Illustrations of three keyboard works by Bach

  1. View to Eisenach with Bach baptism font in Georgenkirche
    illustrating Bach-Siloti: Prelude in B Minor
  2. Bells and Arches from churches where Bach played
    illustrating J.S. Bach: Toccata in G Major
  3. Leipzig Thomaskirche with Bach tombstone
    illustrating Bach-Busoni: Organ Prelude in F Minor — "I call on Thee, Lord Jesus Christ"

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A window opens inwards letting in the fresh morning air from the hills of Eisenach in the district of Thuringia, ‘a pleasant and harmonious land where plain and mountain meet’. The clock on the tower of St. George’s Church tells us that it is 15 minutes before 6, the hour when, reportedly, Johann Sebastian was born. At the center of the interior of the church, we see the font at which Johann Sebastian was baptized. Stacks of paper, inks and raven quills, copper gallic ink powder, a box of fine sand for ink blotting, and a knife for sharpening and erasing lie on the window sill.  A large wooden music stand displays pages from Bach’s Toccata in G Major, Organ Preludes and other manuscripts. (Illustration 1)

For generations, the Bachs had lived in the south-west region of Germany and were the dominant musical dynasty in Northern Europe. The 80-strong Bach family met once a year to play music together. In the winter of 1695, at the age of 10, Johann Sebastian lost both his parents. He and his brother set off by foot to Ohrdrüf to live with their older brother, Johann Christoph, who was the town organist. 5 years later, at age 15, Johann Sebastian, with a fellow scholar, walked 200 miles to Lüneberg, a rich, old town, to further his education and musical studies at the Latin school of St. Michael’s. Hamburg was only 30 miles away. The largest, most famous organ in Germany had been built in St. Catherine’s Church and it was there that the young Sebastian heard the great organist, Johann Adam Reinken.

Although proficient in many instruments, Bach’s ambition was to be an organist. After giving a recital on the new organ at the Neuekirchen in Arnstadt, aged 18, Bach was offered the post of church organist. Determined to hear and learn from the most celebrated organist of the time, Dietrich Buxtehude, Bach was granted one month’s leave and walked over 250 miles to Lübeck, a port located between the North Sea and the Baltic. The Lutheran church of St. Mary’s Church in Lübeck was an outstanding example of Gothic church architecture with magnificent soaring pillars, ribbed vault ceilings and stained glass windows, creating a beautiful interior with diffused light. Bach stayed away for 4 months, learning many new harmonies from Buxtehude who was also an organologist. In those days, a musician was owned by the court, municipality or church; to further his passion for knowledge and to pursue his immense curiosity, Johann Sebastian, by prolonging the permitted one month absence from Arnstadt, took a big risk, even of imprisonment.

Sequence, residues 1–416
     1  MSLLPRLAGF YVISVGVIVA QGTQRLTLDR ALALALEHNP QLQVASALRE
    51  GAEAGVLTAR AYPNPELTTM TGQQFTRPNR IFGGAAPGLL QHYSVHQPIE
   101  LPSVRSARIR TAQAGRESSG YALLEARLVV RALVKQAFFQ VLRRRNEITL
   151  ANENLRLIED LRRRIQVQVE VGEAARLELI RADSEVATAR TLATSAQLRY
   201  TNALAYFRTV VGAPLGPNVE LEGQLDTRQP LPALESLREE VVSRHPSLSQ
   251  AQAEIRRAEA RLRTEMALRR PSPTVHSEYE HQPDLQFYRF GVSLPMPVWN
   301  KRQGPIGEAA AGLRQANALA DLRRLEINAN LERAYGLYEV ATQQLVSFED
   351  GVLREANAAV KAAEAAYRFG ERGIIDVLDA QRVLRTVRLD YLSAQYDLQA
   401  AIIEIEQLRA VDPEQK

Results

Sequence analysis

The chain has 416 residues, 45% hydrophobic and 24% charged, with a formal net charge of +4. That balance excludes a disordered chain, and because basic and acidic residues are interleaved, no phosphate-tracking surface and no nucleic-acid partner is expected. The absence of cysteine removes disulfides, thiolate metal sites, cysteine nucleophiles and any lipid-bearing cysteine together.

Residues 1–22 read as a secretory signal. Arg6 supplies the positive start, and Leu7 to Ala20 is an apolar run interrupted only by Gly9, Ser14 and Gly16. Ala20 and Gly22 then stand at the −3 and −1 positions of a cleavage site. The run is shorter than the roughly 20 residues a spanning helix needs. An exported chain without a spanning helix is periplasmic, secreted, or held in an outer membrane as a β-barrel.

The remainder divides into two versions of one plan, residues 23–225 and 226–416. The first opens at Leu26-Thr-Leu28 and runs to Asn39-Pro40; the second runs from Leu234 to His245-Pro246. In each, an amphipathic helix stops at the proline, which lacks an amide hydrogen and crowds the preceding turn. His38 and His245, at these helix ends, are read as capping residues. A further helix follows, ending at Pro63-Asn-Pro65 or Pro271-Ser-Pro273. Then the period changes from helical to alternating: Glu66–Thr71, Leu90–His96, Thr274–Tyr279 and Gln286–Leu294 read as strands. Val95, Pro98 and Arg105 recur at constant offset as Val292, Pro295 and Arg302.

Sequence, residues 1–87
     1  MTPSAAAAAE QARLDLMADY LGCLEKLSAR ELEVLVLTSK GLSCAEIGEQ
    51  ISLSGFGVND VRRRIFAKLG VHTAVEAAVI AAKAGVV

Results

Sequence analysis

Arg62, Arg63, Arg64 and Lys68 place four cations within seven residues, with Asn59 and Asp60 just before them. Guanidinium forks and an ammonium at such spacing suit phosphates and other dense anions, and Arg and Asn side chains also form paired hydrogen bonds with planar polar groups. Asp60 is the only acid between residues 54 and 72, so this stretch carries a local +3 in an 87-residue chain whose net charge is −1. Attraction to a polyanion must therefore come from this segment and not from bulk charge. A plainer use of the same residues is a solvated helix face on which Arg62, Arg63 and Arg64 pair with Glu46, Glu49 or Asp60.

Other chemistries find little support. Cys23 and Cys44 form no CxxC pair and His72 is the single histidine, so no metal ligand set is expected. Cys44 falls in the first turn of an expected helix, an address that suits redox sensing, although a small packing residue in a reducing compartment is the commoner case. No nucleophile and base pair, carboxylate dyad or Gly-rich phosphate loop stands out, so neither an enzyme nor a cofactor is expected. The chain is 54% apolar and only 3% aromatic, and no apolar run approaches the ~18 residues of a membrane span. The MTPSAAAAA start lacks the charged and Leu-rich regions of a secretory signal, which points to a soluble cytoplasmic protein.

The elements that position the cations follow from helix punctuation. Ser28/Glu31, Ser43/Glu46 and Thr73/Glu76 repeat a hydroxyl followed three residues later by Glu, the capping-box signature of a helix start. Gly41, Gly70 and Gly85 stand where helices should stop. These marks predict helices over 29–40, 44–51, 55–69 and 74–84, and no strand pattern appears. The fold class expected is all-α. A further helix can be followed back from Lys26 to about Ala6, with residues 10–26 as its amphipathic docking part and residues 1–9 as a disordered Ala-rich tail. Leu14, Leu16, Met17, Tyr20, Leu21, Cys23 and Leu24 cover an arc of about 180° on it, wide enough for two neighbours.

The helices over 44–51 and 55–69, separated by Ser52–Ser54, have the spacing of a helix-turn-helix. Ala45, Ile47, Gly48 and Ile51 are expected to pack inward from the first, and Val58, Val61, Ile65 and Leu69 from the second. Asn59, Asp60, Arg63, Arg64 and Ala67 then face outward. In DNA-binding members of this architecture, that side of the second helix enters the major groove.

Over the next two decades, Bach extended both his knowledge of ‘musical science’ and his reputation as an extraordinary keyboard player, taking positions as court organist, capellmeister and chamber musician in Mülhausen, Weimar, Dresden and Cöthen. Images of arches, altars, bells from the churches and court palaces where Bach played are incorporated in the painting ‘Bells and Arches’ (Illustration 2). The first movement of Bach’s Toccata in the cheerful key of G Major, which inspired this illustration, begins and ends with the joyful peal of bells.

As keyboard virtuoso and princely capellmeister in Cöthen, Bach accompanied Prince Leopold on several visits to important cities in Germany. It was during a visit to Carlsbad in 1720 that Maria Barbara, Bach’s beloved wife of twelve years, died, leaving him with four young children. The oldest was Wilhelm Friedemann Bach for whom Bach composed the Clavierbüchlein. The tragic news greeted Bach on his return home to Cöthen. Four months later, Bach traveled to Hamburg where the post of organist at the Church of St. Jacobi was vacant. He gave a recital on the famous organ of St. Catherine’s Church. The aged Reinken was in the audience and commented: ‘I thought that this art was dead, but I see that in you it lives.’

One and a half years after the death of his beloved Maria Barbara, Bach married the 20 year old Anna Magdalena, a top rank singer in Prince Leopold’s capelle. She became Bach’s companion and assistant until his death in 1750. They had 13 children, six of whom survived past childhood. The last 27 years of Bach’s life were spent in Leipzig where, after a rigorous examination that included knowledge of theology in Latin, he held the post of Cantor at St. Thomas School and Music Director, responsible for the music and services in the four main city churches. Weekly concerts by the prestigious Collegium Musicum were also given at the Zimmermann coffee house and garden. This was a municipal, in contrast to a court, appointment. At that time, Leipzig – place of the linden trees - was known as ‘the market place of Europe’. In the illustration (illustration 3), branches of the linden tree can be seen in the foreground of the church and in the decoration framing Bach’s gravestone. The most famous of Bach’s sons, Wilhelm Friedemann (then aged 12) and the 9 year old Carl Philip Emmanuel, were able to receive the highest education at St. Thomas School, as were their younger brothers.